Currently out of print (as of 2013) but still widely available used and through libraries.
In a manner similar to Cynthia Rylant's in Waiting to Waltz and Lee Bennett Hopkins' Been to Yesterdays, Cormier uses spare, blank verse to recreate the characters, mainly family, in one summer in the life of Eugene, a lonely twelve year old whose father works in the comb factory. We get to know his extended family as he comes to understand and appreciate each one. His mother is the image of grace and love while Eugene's father remains kindly, but remote. Then, in this era in which airplanes are a rarity, the boy spots one in the back of one of the tenements. The airplane disappears before anyone else can see it. Eugene is subjected to the jeers and scorn of his playmates until his father's loud proclamation affirms his sighting. The connection between father and son becomes almost tangible in that one, shining moment.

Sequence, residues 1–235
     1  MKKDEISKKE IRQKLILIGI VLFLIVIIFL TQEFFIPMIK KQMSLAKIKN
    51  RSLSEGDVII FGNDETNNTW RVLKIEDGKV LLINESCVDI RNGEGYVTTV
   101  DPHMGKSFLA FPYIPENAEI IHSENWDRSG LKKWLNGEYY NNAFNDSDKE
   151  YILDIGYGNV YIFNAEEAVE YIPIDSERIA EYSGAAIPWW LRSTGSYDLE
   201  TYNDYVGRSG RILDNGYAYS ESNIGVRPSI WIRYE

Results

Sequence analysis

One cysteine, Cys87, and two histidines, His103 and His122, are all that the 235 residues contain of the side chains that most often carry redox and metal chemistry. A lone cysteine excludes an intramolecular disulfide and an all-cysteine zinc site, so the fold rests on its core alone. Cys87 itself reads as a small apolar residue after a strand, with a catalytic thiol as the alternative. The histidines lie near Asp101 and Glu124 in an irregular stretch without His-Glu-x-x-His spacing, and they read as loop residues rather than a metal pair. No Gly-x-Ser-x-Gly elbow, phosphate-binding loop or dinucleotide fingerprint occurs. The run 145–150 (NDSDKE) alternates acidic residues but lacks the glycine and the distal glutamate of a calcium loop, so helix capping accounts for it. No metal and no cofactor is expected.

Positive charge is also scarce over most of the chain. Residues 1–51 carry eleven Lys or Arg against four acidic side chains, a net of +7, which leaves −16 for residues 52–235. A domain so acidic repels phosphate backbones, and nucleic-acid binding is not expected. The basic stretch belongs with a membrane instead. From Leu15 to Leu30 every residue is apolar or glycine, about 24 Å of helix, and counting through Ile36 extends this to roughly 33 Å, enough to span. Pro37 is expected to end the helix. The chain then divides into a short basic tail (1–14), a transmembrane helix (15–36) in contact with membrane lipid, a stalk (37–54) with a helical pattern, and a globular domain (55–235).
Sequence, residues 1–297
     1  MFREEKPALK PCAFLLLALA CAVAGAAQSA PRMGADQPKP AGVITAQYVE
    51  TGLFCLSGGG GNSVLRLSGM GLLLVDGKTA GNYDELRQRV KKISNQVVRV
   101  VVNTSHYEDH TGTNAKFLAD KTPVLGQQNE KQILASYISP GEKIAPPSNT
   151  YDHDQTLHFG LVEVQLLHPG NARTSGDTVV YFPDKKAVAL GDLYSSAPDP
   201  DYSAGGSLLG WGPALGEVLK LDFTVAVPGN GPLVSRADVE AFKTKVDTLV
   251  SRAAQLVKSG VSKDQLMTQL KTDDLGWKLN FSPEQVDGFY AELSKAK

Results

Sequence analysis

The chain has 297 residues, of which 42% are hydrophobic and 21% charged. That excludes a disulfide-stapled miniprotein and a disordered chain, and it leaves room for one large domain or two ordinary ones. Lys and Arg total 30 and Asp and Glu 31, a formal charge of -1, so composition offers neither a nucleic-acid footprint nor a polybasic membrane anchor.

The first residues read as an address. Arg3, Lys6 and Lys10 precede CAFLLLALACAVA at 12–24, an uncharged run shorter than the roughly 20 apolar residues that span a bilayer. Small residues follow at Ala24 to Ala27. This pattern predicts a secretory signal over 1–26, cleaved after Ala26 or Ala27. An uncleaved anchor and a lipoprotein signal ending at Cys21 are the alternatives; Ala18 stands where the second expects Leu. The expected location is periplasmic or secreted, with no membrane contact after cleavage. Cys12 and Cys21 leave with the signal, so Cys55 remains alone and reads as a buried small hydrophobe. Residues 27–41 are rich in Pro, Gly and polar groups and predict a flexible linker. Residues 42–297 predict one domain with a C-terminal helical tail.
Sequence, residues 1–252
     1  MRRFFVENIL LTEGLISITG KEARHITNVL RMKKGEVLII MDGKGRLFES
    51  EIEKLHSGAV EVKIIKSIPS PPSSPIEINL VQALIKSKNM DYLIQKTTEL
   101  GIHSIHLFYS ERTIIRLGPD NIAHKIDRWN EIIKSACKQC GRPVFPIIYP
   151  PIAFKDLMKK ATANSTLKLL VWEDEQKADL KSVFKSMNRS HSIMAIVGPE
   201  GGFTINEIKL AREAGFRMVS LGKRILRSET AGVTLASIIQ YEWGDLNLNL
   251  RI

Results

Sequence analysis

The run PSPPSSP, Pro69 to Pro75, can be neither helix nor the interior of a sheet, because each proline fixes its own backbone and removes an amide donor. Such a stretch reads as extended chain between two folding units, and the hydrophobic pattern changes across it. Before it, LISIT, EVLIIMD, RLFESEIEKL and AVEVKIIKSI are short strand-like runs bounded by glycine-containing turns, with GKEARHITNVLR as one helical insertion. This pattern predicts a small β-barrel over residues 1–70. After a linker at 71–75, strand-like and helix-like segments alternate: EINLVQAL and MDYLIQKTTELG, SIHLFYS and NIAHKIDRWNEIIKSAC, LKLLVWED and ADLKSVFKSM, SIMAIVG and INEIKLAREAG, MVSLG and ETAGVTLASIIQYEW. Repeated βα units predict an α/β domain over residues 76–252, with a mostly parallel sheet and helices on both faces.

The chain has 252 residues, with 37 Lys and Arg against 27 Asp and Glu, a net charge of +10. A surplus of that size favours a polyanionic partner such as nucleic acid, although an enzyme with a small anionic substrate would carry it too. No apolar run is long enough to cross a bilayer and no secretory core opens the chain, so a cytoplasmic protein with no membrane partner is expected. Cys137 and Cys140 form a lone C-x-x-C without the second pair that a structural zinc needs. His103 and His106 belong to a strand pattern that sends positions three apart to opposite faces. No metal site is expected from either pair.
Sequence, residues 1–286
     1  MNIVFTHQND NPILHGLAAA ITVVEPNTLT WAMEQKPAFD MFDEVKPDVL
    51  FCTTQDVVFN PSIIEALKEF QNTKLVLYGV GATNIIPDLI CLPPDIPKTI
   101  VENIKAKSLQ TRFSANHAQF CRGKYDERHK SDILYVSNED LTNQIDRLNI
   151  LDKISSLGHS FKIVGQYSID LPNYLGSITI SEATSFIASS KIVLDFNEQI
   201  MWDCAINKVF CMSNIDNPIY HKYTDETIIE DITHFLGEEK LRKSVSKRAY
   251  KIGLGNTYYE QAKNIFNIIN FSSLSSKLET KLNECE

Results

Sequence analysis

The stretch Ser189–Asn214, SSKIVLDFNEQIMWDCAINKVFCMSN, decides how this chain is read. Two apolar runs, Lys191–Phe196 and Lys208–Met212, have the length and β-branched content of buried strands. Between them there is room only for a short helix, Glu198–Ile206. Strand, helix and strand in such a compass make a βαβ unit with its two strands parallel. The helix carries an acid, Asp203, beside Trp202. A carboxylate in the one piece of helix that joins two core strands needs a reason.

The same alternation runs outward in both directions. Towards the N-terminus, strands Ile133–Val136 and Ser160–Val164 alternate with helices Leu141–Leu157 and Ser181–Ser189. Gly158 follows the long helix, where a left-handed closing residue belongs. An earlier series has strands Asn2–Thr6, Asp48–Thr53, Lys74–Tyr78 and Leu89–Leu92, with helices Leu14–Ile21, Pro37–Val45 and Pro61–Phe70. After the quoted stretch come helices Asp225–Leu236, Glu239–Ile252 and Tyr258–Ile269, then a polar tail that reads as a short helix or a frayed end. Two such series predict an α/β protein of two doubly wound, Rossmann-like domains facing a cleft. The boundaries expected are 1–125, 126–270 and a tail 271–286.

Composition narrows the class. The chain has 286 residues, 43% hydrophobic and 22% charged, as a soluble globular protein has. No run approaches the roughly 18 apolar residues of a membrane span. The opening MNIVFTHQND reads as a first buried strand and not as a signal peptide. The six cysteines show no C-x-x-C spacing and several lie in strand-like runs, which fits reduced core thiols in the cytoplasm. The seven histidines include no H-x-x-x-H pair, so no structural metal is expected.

Grades 7 - 9
In the Middle of the Night by Robert Cormier. (1997, Laurel Leaf. ISBN 9780440226864.) Novel. 192 pages.
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Denny's father is being harassed by late night phone calls and letters which he seems to accept with an odd kind of passivity. When he was sixteen, he was an usher in a theater where twenty-two children were killed and, although he was absolved of all blame for the disaster, some think he was at fault. Now Denny is sixteen and is himself being harassed and seduced by a mysterious voice on the telephone. Read More.